As home to one of the leading EV makers and critical investors and innovators for the industry, the US expects to see significant growth with some of its companies increasing their efforts to meet electrification needs across the globe.
The digital ecosystem is evolving to accommodate new vehicles and businesses are looking to adopt more solutions to electrify and support their customers to make the switch. But, what are the other major trends we expect to see in the US?
10. EV and battery manufacturing receive heavy investment
The US Department of Energy announced US$42mn to develop more affordable EVs, which will be shared among developing bodies in battery manufacturing.
Organisations like the Advanced Research Projects Agency-Energy (ARPA-E) have provided funding to increase the research and development efforts for battery technology makers. On the manufacturing side, Tesla and General Motors are heavily involved in expanding the manufacturing landscape to meet the needs of an increasing demand.
9. Smart grid technology comes to the fore
The digital ecosystem is now home to passenger vehicles, making smart grids much more intuitive. Digital systems now play a huge role in the design, production, and use of new EVs. Charging infrastructure providers use digital ecosystems to manage and optimise the charging process, which provides benefits in the already stretched charging landscape.
Bi-directional charging is becoming a common method of integrating EVs in the home energy grid to reduce costs—an incentive for homeowners to shift from ICE cars.
8. Autonomous EV rollout
In December 2022, Uber announced the rollout of driverless services, built using Hyundai Ioniq 5s and leveraging technology from Motional to integrate autonomous EVs in the mobility ecosystem.
More solutions are on the way and we can expect the US to become a testbed for some of the most intuitive autonomous driving technologies.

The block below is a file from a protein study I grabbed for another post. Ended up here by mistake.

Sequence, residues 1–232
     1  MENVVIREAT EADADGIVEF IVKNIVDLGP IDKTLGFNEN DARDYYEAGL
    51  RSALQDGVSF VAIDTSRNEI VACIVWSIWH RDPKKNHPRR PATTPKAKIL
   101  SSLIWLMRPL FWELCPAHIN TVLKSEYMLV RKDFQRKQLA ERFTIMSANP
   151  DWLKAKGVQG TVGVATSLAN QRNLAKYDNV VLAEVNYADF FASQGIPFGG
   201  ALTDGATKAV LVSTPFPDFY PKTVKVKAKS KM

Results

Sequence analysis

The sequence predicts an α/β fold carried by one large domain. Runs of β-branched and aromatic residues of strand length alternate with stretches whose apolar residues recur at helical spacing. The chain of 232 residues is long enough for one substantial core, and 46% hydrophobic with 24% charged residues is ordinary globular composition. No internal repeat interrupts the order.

7. Business models incorporate electrification
Since the real growth of the EV sector took off, oil and gas companies broadened their portfolios to incorporate solutions that meet sustainability requirements. EV makers are shifting towards EV production, but the main shift to happen lies among fleets and businesses utilising EVs for their own transport needs while commercialising charging options.
6. Government incentives for EVs
2023 marks the beginning of a new incentive for EV drivers known as the Clean Vehicle Credits, which provides credit of up to US$4,000 for consumers to purchase either a pre-owned EV or hydrogen fuel-cell-powered vehicle.
The US Federal Government has set a goal to increase EV sales to 30% of the overall new car market by 2025.
5. Focus on EV battery composition
Towards the end of 2022, NASA announced a breakthrough in battery energy density—the ‘super battery’—through its innovation in solid-state battery cells. 2023 will likely see more research and development of more efficient battery cells to provide weight reduction and power benefits to the next generation of electric vehicles.
4. Lowering costs of EV production
Since 2018, the cost of battery packs has been the key focus for EV makers as they look to reduce the amount they spend on components. With more battery packs being produced for automotive applications, and the US’ Tesla and other manufacturers hosting gigafactories, it’s likely that battery prices will continue to fall. In 2018, Tesla’s battery packs cost as much as US$150/kWh, which has since fallen to US$100/kWh.
The trend for precious materials, such as silicon and graphite are projected to more than halve in price between now and 2030 to around US$50 - US$60/kWh.
3. More EVs are becoming available
The market is no longer for the pure-play carmakers, or even the automotive giants. Technology companies are venturing into automotive as barriers to entry are lowered by EVs’ technology-based platforms and shared infrastructure. CES 2023 played host to some of the exciting companies, and their cars, to enter the industry very soon—featuring firms like John Deere, Lightyear, BMW, and Sony.
2. Charging infrastructure grows rapidly
With the purchase of more EVs comes the higher demand for charging infrastructure and this is perhaps the primary focus for organisations for the foreseeable future. Public charging stations are becoming more prevalent across cities and on public highways, and automotive manufacturers like Tesla and Chevrolet are supporting EV drivers with services at their dealerships.
To meet the needs of drivers in the US, PwC expects its infrastructure to grow rapidly leading up to 2030, which will result in an estimated 35 million charging points across the states.
1. Increasing demand for EVs
Predictions are set for EV growth of two kinds—that of battery-electric vehicles (BEVs) and plug-in hybrid-electric vehicles (PHEVs). In the US, Tesla remains dominant, but the likes of other firms (including Jeep, Ford, Toyota, BMW, Audi, Hyundai, Volkswagen, Chevrolet) take up a split share of the remaining EV demand. While, globally, automotive sales are lower than they have been, the percentage share going towards EVs is growing.